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Thread: Godwit subspecies, Suffolk, UK

  1. #1
    Junior Member
    Join Date
    Jan 2008

    Default Godwit subspecies, Suffolk, UK


    I saw this godwit this morning on my patch along the River Deben between Melton and Woodbridge. I had been scanning them for any colour-ringed birds when this one stuck out immediately. I was wondering if it could be a limosa race black-tailed as opposed to the usual islandica race that occur here. I've never noted one so distinct size wise amongst the 200+ that can occur here.

    It seemed larger overall but size difference was most apparent with longer tibia making it obviously taller and a distinct walking gait. The bill was also longer and a bit thicker at the base. The top of the head was a dark brown colour giving it a capped appearance with a pale supercilium and the orange went from the bottom half of the face down the neck only, stopping at the mantle and the top of the chest. It was white underneath. The mantle was a darker colour with even mottling - more subtle orange fringed with dark centres, not distinct orange/black in summer islandica or plainer grey in winter plumage. The coverts were noticeably paler.

    Unfortunately a few joggers came past and so I missed it when it flew off, I had to step to the edge of the path out of the way. There are a few poor photos taken with my mobile, to try and show height difference between typical islandica and this individual.

    Any thoughts would be welcome.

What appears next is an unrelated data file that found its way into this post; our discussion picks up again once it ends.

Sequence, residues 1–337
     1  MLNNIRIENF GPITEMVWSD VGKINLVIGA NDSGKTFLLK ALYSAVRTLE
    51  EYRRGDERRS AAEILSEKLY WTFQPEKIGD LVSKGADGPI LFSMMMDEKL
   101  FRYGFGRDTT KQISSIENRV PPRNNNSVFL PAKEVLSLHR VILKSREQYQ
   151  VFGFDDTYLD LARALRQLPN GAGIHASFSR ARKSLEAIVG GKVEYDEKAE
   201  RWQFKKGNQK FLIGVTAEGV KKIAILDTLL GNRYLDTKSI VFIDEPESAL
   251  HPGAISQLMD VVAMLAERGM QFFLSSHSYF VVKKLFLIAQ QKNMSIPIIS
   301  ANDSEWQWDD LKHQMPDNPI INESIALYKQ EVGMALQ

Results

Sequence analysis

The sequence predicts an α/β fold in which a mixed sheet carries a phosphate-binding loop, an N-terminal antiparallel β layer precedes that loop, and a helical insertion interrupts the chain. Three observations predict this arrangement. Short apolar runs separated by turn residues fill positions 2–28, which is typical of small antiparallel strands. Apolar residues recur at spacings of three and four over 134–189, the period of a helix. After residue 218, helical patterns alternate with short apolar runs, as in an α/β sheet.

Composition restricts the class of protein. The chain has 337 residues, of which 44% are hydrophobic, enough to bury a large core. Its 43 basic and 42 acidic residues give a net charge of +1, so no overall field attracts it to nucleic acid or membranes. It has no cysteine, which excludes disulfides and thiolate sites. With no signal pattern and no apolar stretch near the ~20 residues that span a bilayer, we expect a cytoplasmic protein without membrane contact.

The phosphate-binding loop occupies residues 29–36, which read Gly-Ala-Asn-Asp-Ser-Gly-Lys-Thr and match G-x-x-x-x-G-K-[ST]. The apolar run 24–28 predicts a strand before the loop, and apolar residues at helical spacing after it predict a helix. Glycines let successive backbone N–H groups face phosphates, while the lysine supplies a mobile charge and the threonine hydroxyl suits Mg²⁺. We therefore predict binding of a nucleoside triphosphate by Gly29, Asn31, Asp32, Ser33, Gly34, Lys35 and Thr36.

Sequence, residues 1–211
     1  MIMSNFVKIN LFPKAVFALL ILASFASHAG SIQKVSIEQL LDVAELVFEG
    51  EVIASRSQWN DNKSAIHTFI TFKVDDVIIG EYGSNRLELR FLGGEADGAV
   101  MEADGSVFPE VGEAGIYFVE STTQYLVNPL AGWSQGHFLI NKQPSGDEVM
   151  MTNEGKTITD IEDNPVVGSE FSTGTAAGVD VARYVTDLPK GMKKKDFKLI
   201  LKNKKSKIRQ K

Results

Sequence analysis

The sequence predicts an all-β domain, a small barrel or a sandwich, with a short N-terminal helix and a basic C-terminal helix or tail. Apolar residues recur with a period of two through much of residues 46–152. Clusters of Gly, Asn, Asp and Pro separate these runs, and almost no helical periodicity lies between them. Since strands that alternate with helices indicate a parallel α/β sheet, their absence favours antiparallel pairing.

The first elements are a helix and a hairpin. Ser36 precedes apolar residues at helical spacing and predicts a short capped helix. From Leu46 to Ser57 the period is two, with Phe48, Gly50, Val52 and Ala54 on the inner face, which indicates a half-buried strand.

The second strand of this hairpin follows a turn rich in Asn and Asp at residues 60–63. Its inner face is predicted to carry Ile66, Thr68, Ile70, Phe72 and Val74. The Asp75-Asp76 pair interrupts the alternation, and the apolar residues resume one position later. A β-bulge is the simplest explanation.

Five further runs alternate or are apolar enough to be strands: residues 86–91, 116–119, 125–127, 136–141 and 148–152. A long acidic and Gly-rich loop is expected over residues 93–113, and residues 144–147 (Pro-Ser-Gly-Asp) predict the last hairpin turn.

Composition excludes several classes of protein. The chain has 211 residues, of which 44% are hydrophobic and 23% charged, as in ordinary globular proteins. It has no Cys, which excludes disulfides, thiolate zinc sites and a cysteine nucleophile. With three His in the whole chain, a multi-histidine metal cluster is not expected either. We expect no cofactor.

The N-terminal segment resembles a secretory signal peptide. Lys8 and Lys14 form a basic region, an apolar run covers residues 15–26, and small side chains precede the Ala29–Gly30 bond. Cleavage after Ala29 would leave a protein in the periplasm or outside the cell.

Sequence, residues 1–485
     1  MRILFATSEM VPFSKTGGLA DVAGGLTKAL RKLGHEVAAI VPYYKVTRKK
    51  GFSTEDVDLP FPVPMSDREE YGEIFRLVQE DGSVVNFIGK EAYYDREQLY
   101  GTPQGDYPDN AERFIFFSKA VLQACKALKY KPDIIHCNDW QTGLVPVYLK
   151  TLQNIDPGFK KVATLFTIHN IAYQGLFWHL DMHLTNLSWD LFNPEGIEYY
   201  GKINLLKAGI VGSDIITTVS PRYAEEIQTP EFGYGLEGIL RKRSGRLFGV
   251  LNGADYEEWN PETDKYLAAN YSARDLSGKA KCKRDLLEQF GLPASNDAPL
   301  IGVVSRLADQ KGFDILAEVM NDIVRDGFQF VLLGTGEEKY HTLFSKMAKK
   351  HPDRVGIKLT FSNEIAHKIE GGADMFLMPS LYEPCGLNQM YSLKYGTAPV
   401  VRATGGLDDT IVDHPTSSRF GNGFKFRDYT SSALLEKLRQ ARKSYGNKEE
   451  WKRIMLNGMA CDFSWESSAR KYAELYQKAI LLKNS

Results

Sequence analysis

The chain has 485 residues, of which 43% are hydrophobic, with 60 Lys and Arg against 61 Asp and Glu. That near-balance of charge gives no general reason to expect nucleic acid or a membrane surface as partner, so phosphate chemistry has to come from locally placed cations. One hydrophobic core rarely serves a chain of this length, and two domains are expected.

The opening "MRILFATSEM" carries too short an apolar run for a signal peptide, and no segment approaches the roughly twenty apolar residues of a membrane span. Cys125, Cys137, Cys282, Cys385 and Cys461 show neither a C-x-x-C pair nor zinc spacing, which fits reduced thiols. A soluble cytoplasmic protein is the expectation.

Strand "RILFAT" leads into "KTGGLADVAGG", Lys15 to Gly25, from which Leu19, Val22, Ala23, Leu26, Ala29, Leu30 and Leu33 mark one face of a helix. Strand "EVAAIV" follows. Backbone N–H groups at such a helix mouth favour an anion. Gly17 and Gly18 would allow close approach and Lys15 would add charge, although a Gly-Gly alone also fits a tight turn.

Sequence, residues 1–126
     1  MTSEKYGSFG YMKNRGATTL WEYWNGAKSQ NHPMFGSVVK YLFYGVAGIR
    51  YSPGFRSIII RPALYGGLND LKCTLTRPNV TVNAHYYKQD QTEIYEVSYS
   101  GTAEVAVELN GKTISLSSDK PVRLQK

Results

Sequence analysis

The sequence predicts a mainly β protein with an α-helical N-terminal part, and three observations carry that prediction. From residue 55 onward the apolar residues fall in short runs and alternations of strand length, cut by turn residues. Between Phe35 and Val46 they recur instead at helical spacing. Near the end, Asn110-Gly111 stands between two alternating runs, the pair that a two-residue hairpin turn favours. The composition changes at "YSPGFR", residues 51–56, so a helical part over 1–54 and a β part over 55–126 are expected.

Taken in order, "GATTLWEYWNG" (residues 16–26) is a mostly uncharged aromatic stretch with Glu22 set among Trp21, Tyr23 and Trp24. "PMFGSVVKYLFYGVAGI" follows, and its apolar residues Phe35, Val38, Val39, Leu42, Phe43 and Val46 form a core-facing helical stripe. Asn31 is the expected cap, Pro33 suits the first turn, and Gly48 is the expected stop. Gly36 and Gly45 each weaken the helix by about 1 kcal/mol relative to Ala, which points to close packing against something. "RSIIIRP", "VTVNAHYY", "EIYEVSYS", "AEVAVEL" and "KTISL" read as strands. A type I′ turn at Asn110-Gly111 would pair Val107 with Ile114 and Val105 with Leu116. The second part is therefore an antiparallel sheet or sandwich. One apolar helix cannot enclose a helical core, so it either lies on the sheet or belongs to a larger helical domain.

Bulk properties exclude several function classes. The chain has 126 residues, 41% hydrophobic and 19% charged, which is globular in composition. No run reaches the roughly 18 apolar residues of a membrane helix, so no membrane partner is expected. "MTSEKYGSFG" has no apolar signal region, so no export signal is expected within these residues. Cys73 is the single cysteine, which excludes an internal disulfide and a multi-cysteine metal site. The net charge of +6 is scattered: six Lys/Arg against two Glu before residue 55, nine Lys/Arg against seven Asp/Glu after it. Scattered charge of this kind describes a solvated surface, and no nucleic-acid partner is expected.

Attached Images Attached Images

  2. #2
    Senior Member
    Join Date
    Dec 2007
    Little Chalfont



    I am struggling with the images but from what I can see, this godwit is a JUVENILE and separating Icelandic from European in this plumage is very difficult indeed and requires very close scrutiny. I have found that both forms are highly variable in size, bill length and bare part colour tones.

    The bird appears from the photographs to be rather orangish on the neck whereas I would expect limosa to be rather grey in this area; furthermore it is feeding on what appears to be intertidal mud, habitat favoured in general by islandica (as opposed to freshwater marshes and grassy fields).

    Very best wishes


  3. #3
    Senior Member
    Join Date
    Feb 2008



    Interesting comments on supposed different feeding habitats between these two subspecies. The vast majority of wintering and spring migrant Black-tailed Godwits in Cambridgeshire are of the islandica race (often 3000-5000 birds), and these feed exclusively on freshwater marshes and wet fields. Where does this information come from?

    With regards to the bird photographed in Suffolk. It is certainly a juvenile, and appears to me, as you also suggest, to look more like an islandica bird.

  4. #4
    Junior Member
    Join Date
    Jan 2008


    Thanks Lee and Mark for your thoughts.

    Yes it was on a tidal estuary and I did wonder if this would be suitable habitat for limosa, but wasn't sure when on migration. I visited this morning but could not relocate it - less godwits about.

    I understand about the variabililty in size and have noted it myself, it was this one was so distinctly taller/larger than about 30 individuals in the vicinity.

    Having looked at the other godwit thread here, with Brian's photos, I can see that the bill base is not thick enough.

    Many thanks,


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